A Barnburner of a Battery IPO

A few days ago, I asked whether investors should get charged up about the IPO of lithium-ion battery maker A123 Systems (Nasdaq: AONE  ) . Well, the market has spoken -- loudly.

On Thursday, the offering was boosted from 25 million to 27.5 million shares (plus 680,501 shares sold by existing stockholders), and priced at $13.50 per share. Investors piled on all day, pushing the share price up past $21 at one point.

So much for our preliminary share structure calculations. Based on the current price of $19.61, here's an update:

Share Structure and Capitalization

Numbers

Shares outstanding

98.2 million

Market capitalization

$1,925 million

Cash and equivalents

$457.7 million

Debt

$16.2 million

Enterprise value

$1,483.5 million

Book value

$515.1 million

Data from company filings.

Whoa, Nelly! Before the IPO, we were looking at a market cap of barely over $1 billion, and an enterprise value of less than $700 million. Now, A123 is priced at around 3.75 times book value, and its ratio of enterprise value to lifetime total sales has jumped to 7.9. Jeez, A123, leave some hype for Shanda Games (Nasdaq: GAME  ) and Select Medical (NYSE: SEM  ) , would you?

At around half its current valuation, I was cautiously optimistic that A123 could maybe meet the growth expectations baked into the cake, like Google (Nasdaq: GOOG  ) did back in the day (despite the disinterest of Fools like Bill Mann at the time). Now, I'm not nearly as sure. I'm going to take the weekend to ponder the growth outlook here, and I suggest anyone long or thinking about going long the stock do the same. That doesn't just mean taking the market size estimates being thrown around for 2015 and 2020 and extrapolating A123's market share from that.

I'll be back next week with my findings. In the meantime, take a moment to tell the rest of us what motivated you to either buy or avoid these shares in their first two days of trading in the comments section below.

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Fool contributor Toby Shute doesn't have a position in any company mentioned. Check out his CAPS profile or follow his articles using Twitter or RSS. The Motley Fool has a disclosure policy.


Read/Post Comments (4) | Recommend This Article (8)

Comments from our Foolish Readers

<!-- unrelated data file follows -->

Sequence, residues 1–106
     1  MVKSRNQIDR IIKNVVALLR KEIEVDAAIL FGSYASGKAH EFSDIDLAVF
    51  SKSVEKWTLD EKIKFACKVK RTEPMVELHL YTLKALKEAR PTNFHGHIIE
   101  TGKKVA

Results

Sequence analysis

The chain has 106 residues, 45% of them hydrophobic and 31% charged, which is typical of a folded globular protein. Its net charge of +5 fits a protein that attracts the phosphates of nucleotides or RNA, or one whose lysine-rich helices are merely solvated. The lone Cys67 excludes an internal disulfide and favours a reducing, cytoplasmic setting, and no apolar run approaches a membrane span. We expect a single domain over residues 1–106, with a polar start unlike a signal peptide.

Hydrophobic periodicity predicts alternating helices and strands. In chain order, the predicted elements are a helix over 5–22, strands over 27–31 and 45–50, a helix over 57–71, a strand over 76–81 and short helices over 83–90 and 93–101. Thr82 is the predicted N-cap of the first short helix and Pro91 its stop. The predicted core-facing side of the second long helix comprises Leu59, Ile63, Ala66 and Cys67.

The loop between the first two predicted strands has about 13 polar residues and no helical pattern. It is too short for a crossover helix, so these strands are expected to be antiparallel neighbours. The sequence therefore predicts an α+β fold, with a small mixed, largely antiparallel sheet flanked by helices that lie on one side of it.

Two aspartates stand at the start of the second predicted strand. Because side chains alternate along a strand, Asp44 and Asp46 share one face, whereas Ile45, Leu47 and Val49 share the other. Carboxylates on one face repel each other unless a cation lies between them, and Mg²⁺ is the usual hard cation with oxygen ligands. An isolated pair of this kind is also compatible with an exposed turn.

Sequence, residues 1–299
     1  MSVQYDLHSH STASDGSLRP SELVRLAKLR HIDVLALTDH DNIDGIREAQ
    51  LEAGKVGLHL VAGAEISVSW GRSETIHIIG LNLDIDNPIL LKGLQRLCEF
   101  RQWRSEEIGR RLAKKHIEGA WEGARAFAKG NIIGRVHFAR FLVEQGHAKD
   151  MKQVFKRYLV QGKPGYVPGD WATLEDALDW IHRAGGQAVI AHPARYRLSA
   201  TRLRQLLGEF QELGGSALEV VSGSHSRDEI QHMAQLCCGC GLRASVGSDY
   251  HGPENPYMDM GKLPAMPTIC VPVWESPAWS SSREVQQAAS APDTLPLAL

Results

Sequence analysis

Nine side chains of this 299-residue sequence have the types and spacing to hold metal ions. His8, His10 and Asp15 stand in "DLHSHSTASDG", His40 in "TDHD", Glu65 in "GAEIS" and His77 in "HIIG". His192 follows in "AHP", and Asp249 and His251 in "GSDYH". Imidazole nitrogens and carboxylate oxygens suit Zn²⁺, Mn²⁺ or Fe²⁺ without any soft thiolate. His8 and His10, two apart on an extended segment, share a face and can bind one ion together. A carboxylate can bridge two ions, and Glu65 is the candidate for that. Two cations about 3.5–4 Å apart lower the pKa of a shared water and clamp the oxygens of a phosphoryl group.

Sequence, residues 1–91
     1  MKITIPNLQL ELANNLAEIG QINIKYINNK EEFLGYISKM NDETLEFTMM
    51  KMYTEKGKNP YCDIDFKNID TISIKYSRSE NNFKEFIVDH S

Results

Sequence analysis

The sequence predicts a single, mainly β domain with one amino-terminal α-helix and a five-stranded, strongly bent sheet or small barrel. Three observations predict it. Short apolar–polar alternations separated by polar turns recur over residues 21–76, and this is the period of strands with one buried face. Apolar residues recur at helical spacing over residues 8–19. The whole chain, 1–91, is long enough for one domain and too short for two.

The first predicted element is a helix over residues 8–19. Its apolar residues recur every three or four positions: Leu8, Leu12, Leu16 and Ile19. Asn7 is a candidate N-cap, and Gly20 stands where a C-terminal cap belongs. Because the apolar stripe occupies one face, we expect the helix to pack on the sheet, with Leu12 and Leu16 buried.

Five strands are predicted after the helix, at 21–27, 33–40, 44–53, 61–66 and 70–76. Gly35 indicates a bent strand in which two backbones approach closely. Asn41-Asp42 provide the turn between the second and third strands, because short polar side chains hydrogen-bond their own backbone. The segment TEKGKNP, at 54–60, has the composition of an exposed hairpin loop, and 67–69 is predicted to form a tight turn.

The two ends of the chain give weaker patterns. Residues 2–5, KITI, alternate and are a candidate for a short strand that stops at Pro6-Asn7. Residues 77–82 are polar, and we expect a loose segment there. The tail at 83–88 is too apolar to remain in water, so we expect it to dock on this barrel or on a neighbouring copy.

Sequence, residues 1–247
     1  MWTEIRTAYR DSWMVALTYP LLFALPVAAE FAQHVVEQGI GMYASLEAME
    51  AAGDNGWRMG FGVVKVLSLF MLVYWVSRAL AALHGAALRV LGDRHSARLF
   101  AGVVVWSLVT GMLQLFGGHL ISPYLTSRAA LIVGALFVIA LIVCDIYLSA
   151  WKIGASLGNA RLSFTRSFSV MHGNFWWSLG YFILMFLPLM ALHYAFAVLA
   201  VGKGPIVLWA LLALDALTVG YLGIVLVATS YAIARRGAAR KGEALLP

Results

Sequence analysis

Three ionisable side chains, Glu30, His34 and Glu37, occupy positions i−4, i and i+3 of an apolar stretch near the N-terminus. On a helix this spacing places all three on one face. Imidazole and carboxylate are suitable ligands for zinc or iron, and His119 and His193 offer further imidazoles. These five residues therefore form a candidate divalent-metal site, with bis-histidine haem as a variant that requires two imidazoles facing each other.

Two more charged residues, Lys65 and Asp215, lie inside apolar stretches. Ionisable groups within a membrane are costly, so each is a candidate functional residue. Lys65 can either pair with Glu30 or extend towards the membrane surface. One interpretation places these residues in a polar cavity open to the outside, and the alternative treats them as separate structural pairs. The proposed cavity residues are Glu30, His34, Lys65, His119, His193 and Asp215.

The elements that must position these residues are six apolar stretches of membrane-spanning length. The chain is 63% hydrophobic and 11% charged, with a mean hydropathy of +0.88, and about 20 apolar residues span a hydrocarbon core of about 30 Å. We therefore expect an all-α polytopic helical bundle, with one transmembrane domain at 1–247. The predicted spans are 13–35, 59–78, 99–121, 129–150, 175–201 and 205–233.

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  • Report this Comment On September 25, 2009, at 4:36 PM, elephantinroom wrote:

    I think IPO's of companies who are in entirely new businesses / sectors that we don't have a good understanding of need to be treated differently. The standard math doesn't work. Just like the 'analysts' and so called experts underestimated Google, Apple (when they switched to Itunes/Iphones/Ipod business), it requires the retail investor to examine the company like a venture capitalist.

    Yes there are other companies in the battery space. But there must be a reason why this company has attracted the most conservative, but also the most high profile investors when they were still private - GE, P&G, Motorola, Northbridge, etc etc.. The fact is that A123 has figured out what most of the competition still has not - which is how to build reliable batteries at high yield at scale - and is the only US company to do so. They have the most professional, experienced, and COMPLETE management team.

    The applications are not just in cars. It's in the power grid / utility industry. This is why your traditional number crunching doesn't work. You have to use your intuition, and do proper research, and think like a venture capitalist - who have obviously decided to go long on A123.

  • Report this Comment On September 25, 2009, at 5:08 PM, dheatguy wrote:

    I agree with elephantinthe room. I'm a long-suffering investor in Altainano (ALTI) -- a very baby and badly-managed version of A123. (It was one of the few US advanced technology battery companies...) As such, I've watched this space daily for the past 3 years.